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Xilinx/Micron Memory Interface Solution

Next-generation memory solution demo from Xilinx and Micron featuring a Virtex-7 FPGA and a Micron RLDRAM 3 Memory device.



For RLDRAM Memory (12)
Title & Description Secure ID# Updated Type
RLDRAM Memory Flyer : (PDF 197.28 KB)Describes the high-bandwidth, low-latency, high-density features of RLDRAM 3 and RLDRAM 2 memory 08/2014 Product Flyer
RLDRAM 3 Power Calculator: (XLSX 180.51 KB) 07/2014 Power Calculator
Maximize Data Center Performance With Optimized Memory and Storage Solutions: (PDF 725.94 KB) Micron offers a broad portfolio of optimized solutions that deliver improved performance, increased bandwidth with less latency, and improved total cost of ownership. A range of choices—modules for servers and storage arrays, RLDRAM® memory for switch and router packet buffering, SSDs for higher performance and low-power storage, and NOR and NAND Flash for code storage—help businesses scale, simplify, consolidate, and automate, to get the maximum value out of their data centers. 02/2014 Product Flyer
Networking Solutions Guide: (PDF 240.27 KB)This guide outlines Micron’s various solutions—from DRAM components and modules to NOR and NAND Flash to solid state drives (SSDs)—available for networking applications. 06/2013 Product Flyer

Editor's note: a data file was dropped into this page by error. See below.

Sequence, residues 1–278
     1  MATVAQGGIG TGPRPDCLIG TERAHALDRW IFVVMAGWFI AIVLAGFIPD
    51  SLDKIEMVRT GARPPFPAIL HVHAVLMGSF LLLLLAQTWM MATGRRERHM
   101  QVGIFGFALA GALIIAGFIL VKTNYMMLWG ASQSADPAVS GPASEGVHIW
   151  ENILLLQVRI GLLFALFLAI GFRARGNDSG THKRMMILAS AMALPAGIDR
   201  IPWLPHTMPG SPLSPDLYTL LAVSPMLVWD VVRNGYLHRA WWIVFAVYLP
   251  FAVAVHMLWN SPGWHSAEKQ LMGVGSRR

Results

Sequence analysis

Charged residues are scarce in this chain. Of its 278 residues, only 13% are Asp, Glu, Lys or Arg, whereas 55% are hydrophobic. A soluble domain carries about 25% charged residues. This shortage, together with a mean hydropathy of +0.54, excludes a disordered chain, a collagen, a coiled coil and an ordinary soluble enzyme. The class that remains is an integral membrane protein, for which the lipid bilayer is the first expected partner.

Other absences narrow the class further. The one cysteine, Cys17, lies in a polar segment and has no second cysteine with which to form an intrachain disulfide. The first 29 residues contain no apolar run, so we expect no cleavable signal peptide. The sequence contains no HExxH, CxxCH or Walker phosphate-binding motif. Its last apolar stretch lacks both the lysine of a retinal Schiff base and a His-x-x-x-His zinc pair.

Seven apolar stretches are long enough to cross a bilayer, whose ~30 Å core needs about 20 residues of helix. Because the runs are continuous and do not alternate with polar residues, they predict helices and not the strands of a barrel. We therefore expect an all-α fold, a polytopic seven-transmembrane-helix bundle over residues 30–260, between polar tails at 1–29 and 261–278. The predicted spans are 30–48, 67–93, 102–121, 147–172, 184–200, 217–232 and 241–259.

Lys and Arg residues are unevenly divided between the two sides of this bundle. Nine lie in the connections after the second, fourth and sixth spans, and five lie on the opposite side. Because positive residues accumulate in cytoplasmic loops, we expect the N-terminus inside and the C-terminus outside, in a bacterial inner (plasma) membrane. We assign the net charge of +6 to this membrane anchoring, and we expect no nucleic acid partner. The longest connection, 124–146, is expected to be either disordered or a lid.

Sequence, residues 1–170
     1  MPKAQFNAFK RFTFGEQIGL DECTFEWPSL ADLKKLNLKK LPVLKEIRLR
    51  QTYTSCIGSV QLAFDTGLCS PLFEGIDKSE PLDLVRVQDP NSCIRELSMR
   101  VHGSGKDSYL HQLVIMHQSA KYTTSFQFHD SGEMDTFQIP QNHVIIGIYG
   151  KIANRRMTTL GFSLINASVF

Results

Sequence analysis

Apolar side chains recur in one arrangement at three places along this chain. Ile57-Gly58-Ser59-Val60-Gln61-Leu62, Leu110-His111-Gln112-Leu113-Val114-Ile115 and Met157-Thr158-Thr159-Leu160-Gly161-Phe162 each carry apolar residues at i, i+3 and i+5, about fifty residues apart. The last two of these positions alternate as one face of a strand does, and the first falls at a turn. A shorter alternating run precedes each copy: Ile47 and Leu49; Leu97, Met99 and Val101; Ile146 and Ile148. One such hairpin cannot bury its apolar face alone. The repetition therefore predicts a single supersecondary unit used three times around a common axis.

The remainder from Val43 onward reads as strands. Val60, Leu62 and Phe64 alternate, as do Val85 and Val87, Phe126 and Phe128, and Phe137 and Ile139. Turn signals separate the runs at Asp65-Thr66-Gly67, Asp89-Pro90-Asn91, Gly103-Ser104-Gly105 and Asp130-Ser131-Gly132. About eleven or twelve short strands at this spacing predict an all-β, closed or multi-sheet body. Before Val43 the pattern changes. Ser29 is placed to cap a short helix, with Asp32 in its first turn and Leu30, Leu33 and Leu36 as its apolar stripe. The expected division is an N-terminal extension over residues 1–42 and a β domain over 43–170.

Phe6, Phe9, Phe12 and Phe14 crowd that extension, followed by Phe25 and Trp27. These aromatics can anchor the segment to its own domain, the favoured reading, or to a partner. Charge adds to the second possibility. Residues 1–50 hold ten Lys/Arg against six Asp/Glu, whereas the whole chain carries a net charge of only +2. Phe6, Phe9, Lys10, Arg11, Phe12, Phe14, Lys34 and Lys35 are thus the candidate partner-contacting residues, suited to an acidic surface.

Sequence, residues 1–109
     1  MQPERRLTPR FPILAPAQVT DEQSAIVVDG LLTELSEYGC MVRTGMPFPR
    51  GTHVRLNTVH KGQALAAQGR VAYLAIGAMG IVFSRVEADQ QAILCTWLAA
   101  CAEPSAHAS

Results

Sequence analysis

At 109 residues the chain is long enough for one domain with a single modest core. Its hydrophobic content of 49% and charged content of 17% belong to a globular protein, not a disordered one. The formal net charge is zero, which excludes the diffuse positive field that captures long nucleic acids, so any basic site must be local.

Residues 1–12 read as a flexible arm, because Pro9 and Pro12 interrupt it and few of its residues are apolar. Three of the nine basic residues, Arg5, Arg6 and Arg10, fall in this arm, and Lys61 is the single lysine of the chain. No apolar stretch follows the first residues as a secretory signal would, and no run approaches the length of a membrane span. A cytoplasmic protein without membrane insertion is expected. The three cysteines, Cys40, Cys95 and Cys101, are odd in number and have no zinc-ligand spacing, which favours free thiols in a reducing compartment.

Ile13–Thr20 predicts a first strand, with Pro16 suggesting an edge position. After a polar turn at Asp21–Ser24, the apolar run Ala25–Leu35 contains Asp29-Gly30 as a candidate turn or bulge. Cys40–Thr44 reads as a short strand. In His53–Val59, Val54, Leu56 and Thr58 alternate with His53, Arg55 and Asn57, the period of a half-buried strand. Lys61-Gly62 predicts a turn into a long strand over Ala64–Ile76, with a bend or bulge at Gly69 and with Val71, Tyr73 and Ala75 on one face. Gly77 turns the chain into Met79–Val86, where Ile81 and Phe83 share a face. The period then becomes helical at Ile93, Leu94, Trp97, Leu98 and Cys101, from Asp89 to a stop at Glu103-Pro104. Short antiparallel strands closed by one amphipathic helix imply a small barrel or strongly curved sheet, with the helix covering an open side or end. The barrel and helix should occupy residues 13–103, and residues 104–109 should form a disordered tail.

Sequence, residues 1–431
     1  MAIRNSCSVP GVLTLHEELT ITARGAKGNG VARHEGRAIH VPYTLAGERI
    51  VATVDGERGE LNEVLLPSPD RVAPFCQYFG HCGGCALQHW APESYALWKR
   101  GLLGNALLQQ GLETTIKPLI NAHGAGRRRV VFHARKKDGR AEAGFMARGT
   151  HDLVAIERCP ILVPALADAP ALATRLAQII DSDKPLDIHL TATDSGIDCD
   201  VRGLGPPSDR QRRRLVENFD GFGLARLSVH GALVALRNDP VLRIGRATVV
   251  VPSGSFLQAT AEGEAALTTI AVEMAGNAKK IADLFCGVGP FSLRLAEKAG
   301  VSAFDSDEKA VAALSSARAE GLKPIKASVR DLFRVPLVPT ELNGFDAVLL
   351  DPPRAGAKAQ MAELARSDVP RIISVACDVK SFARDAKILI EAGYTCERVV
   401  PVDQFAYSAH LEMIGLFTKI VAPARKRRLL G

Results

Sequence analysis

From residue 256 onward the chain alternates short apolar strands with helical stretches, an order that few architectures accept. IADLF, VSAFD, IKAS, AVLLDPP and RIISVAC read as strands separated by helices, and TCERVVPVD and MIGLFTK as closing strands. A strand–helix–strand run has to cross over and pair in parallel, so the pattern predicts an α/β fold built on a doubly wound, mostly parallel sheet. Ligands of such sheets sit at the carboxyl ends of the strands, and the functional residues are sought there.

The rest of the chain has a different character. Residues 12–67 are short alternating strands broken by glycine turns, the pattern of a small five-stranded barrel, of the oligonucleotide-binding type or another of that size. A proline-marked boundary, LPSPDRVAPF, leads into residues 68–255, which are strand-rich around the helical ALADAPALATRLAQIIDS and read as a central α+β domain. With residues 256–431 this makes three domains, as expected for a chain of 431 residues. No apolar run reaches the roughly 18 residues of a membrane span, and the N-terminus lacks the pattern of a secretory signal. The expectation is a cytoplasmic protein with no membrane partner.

High-Performance Memories for Packet Processing: (PDF 1.42 MB) 10/2012 Presentation
Calculating Memory System Power for RLDRAM 2: (PDF 1.77 MB)Details how RLDRAM 2 devices consume power and provides tools to estimate power consumption TN-49-04 10/2012 Technical Note
RLDRAM 2 Clocking Strategies: (PDF 264.17 KB)Addresses the operation of the RLDRAM 2 device outside the specified range of clock periods and the timing changes that occur in this mode of operation TN-49-03 10/2012 Technical Note
Exploring the RLDRAM 2 Feature Set: (PDF 474.43 KB)Outlines the performance-enhancing features offered by RLDRAM 2 architecture TN-49-02 10/2012 Technical Note